A degree in Human Development leads to a wide array of career opportunities. Graduates from the Human Development program have been successful in gaining admission to graduate schools and in obtaining exciting and rewarding jobs. Our graduates have been able to secure jobs in counseling settings, government agencies, research settings, in the school system from secondary to collegiate levels, and much more.
A degree in Human Development leads to a wide array of career opportunities. Graduates from the Human Development program have been successful in gaining admission to graduate schools and in obtaining exciting and rewarding jobs.
A strong link exists between U.S. graduate education, the production of knowledge, and economic and social prosperity. The United States needs a cadre of highly skilled leaders and experts in a variety of fields to address current and future challenges. Increasingly, graduate school is where future professionals obtain the knowledge and skills needed to solve big, complex problems. But fundamentally, graduate education is about people.
The benefits of graduate education extend beyond the economic realm; graduate education also plays a central role in producing an educated citizenry that can promote and defend our democratic ideals. Scholars educated at the graduate level in such fields as science, mathematics, humanities, arts, and social sciences are critically important to our quality of life and the cultural and social fabric of society.
Our Human Development graduates have pursued a variety of advanced degrees at institutions all across the country. Here’s what just a few of our graduates have accomplished:
- University of Alabama – Birmingham
- Paige Lewis, ’08 | Masters of Education
- Antioch University
- Lindsey Bennett, ’08 | Masters of Education (Elementary)
- Austin Peay State University
- Julia Huddleston, ’02 | Masters in Health & Sports Administration
- Barry University
- Keisha Carter, ’09 | Masters in Social Work
- Boston College
- Cara Graham, ’01 | Masters in Social Work
- CUNY: Brooklyn College
- Lauren Ross, ’08 | Masters in School Psychology
- Chicago School of Professional Psychology
- Joanna Greiner, ’04 | Masters in School Psychology
- University of Colorado – Boulder
- Danielle Beem, ’07 | Juris Doctor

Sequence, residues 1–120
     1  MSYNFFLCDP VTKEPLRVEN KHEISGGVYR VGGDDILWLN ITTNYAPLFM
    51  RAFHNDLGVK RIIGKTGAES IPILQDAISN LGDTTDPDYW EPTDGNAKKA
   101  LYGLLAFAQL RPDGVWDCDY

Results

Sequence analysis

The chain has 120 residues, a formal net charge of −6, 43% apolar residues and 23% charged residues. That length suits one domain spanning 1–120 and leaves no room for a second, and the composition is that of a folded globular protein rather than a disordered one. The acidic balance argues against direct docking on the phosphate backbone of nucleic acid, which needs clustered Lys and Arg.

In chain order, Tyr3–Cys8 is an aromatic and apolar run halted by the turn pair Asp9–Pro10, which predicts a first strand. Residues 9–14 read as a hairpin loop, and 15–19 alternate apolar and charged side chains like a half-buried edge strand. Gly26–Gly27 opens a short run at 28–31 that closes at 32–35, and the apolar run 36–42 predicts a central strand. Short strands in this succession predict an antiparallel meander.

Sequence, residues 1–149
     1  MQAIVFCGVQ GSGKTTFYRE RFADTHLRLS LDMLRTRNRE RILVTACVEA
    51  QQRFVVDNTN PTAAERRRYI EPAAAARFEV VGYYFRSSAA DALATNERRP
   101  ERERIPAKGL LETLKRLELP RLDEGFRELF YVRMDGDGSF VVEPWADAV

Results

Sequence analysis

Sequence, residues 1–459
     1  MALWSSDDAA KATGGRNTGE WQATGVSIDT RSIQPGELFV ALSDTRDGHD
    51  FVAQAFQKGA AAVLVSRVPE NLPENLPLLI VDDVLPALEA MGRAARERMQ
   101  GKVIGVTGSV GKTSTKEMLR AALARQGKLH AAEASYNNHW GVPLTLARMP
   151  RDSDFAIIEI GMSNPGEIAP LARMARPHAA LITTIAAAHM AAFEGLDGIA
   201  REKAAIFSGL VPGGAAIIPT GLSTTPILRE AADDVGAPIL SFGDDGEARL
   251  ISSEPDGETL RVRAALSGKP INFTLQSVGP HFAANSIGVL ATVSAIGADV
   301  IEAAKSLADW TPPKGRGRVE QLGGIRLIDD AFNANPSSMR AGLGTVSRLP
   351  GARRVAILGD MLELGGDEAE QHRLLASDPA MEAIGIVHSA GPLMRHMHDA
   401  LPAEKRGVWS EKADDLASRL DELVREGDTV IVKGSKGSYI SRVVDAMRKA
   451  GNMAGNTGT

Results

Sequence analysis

- University of Florida
- Elise Latsko, ’09 | Masters of Education (Elementary)
- Becca Lanier, ’11 | Masters in Marriage and Family Counseling
- University of Georgia
- Amy Share, ’13 | Masters of Public Administration with a concentration in Nonprofit Administration
- Lesley University
- Kayla Esce, ’09 | Masters in Mental Health Counseling (Art Therapy specialization)
- University of Massachusetts – Amherst
- Kristen Torres ’12 | Masters in School Counseling
- Northeastern University
- Kristen Letourneau ’10 | Graduate Certificate in Non-Profit Administration
- University of Pittsburgh
- Monika Guincho, ’09 | Masters in Applied Developmental Psychology
- University of South Carolina
- Sarah Fehling, ’03 | Masters in Health Administration
- University of South Florida
- Brooke Moench, ’14 | Masters of Gerontology
- Kali Thomas, ’06 | Ph.D. Gerontology
- Tulane University
- Ashley Schmidt, ’09 | Masters in Public Health (Tropical Medicine specialization)
 Council of Graduate Schools, Graduate Education and the Public Good (April 24, 2008)
Career Services is available to assist you as you plan for graduate education, including help with the application process.
Letters of Recommendation for Graduate School
Ask three professors or related professionals who know you very well, have had you in class, conducted research with you, or supervised your internship to write a letter of recommendation. You should request the letters at least 3 weeks before your application due date and provide all relevant information. For all details, please follow the guidelines on the Letter of Recommendation Request form.